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    I think first of all you have to consider who you want to be reading your posts. IMO, those who want to do css and php themselves are the ones who seek out tutorials on these subjects. If you want to promote your services, you must write what your prospective clients will want to see. For instance, a piece on what a good php backend can help a website improve its performance and result in better following or a case study on work that you did that helped another customer (with their permission of course if you name names). These are the things that will draw business your way instead of just helping other developers find their way.
    Linda Jenkinson
    "Say what you mean. Mean what you say. But don't say it mean." ~Unknown

  7. #7
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    Even though it is probably on other blogs its not a bad idea if your planning on covering multiple parts of CSS3, especially if your trying to attract beginners. After all a lot of information is multiple places online, you just want them to use yours.

  8. #8
    Word Painter silver trophy Shyflower's Avatar
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    Quote Originally Posted by KristinWard View Post
    Even though it is probably on other blogs its not a bad idea if your planning on covering multiple parts of CSS3, especially if your trying to attract beginners. After all a lot of information is multiple places online, you just want them to use yours.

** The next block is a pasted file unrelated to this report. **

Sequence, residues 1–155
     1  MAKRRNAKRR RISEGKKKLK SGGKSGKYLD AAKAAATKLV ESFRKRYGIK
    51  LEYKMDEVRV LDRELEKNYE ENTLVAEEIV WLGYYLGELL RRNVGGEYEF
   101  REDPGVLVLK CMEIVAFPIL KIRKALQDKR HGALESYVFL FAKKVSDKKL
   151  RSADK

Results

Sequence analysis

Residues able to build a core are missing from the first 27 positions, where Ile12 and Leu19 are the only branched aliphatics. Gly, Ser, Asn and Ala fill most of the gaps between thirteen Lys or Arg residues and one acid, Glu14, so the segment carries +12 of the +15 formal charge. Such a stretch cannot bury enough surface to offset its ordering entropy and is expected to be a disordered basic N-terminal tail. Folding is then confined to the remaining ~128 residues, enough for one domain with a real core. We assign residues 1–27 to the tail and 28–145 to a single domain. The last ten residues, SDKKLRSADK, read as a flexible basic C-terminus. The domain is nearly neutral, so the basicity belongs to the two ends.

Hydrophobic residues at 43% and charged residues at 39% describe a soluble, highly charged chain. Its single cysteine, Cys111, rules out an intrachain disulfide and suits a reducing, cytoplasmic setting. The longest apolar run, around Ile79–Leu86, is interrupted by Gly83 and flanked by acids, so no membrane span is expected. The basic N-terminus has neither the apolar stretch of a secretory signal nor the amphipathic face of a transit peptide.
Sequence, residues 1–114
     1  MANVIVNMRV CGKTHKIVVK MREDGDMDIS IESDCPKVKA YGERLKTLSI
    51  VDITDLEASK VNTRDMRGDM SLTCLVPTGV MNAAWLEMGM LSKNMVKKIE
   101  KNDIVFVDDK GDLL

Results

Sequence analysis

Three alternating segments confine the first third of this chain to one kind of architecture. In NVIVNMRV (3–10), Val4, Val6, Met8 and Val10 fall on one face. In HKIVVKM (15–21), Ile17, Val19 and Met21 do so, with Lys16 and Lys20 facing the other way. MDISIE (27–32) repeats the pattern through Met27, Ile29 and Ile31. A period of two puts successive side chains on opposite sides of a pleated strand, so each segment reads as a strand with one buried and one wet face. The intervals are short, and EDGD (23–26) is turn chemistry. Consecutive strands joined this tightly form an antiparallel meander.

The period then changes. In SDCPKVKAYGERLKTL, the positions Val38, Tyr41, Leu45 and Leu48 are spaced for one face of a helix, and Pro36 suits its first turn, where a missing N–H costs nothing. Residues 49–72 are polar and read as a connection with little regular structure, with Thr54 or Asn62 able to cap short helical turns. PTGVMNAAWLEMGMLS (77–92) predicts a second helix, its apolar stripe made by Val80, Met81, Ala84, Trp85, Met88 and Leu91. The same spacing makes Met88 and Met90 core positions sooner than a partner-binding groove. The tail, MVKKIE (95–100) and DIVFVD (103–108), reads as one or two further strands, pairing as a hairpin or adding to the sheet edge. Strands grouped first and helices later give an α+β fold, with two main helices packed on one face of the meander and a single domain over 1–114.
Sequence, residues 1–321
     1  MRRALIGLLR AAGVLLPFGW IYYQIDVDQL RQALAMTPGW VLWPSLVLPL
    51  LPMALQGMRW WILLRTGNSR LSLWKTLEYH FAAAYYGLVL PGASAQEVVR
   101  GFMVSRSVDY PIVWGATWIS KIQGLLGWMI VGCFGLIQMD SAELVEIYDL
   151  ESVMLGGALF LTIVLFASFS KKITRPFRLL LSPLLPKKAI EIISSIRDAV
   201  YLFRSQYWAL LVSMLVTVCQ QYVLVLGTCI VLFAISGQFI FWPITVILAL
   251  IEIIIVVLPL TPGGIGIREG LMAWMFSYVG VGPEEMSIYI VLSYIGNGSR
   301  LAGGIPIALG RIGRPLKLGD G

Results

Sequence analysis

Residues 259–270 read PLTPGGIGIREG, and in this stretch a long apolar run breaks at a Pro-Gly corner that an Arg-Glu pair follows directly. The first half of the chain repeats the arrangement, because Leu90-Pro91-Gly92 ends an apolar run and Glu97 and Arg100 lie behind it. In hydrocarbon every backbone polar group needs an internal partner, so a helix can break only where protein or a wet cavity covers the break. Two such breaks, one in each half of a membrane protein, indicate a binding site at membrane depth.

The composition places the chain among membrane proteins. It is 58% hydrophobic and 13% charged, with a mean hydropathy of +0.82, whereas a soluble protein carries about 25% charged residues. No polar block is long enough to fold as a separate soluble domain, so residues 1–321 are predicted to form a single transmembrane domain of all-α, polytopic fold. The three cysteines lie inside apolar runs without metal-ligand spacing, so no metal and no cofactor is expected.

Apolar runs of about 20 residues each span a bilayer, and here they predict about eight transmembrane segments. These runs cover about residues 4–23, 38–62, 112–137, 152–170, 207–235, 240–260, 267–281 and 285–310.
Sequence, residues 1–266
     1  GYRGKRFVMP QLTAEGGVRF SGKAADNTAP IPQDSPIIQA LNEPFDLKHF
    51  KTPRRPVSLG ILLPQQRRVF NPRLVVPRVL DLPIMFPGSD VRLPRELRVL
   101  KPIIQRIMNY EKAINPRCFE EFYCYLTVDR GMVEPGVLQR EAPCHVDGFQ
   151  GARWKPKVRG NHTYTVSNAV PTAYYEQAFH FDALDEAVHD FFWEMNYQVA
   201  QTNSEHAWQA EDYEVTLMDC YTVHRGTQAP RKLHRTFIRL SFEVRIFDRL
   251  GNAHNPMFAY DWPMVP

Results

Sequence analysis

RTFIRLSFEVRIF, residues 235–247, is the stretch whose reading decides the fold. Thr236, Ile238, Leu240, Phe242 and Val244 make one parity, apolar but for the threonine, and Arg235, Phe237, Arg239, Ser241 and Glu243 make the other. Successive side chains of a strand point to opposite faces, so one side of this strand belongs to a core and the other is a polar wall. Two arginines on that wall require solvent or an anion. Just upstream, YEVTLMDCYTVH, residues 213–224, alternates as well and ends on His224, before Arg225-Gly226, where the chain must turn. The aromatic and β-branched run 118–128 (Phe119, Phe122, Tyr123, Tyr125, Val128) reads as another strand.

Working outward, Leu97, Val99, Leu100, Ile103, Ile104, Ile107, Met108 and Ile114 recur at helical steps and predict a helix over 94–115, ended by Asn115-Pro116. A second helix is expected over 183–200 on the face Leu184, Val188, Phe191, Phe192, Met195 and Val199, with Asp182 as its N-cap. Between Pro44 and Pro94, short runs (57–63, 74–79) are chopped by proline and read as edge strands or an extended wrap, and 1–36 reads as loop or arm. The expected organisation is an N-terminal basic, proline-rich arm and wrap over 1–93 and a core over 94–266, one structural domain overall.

I guess my question is, 'How will teaching css to anyone help him advance his own career?'
    Linda Jenkinson
    "Say what you mean. Mean what you say. But don't say it mean." ~Unknown

  9. #9
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    I don't think it's much of a problem to include some beginner level posts. Just because other sites out there have written the same thing, doesn't mean you can't possibly write it better than them. If your tutorial helps someone out better than other tutorials they've tried, you can gain trust from some of your visitors and repeat visits. On that same note, writing about too much entry level stuff can make you look entry level as well, don't hold off posting more challenging topics for experienced designers such as yourself.

  10. #10
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    Shyflower has hit the nail on the head: the content you include depends on your target reader and what is appropriate to them. There is a lot of information about CSS3 on the Internet, but what specifically will your readers want to know? Can you package it so it is more relevant to them? For example, if your readers are all from a similar industry, could you create an example or case study that's relevant to those readers so they identify with your piece? Most information presented on the Internet can be found somewhere else in some form or another, but what makes a website useful and relevant is how it's presented. That's how magazines and newspapers survive - they're all reporting similar things but it's how they package it for their readers is what sells their publications.

    If your objective is to sell your services you need to demonstrate that you understand the topics you are writing about, and that you can provide your readers with something useful for their situation. That way they value your help and your insight and will want to know what else you can do to help them. As Shyflower said, if you also include case studies of how you have helped others achieve similar or more advanced problems than the ones they face then you're more likely to get enquiries about your own services and how you can help them.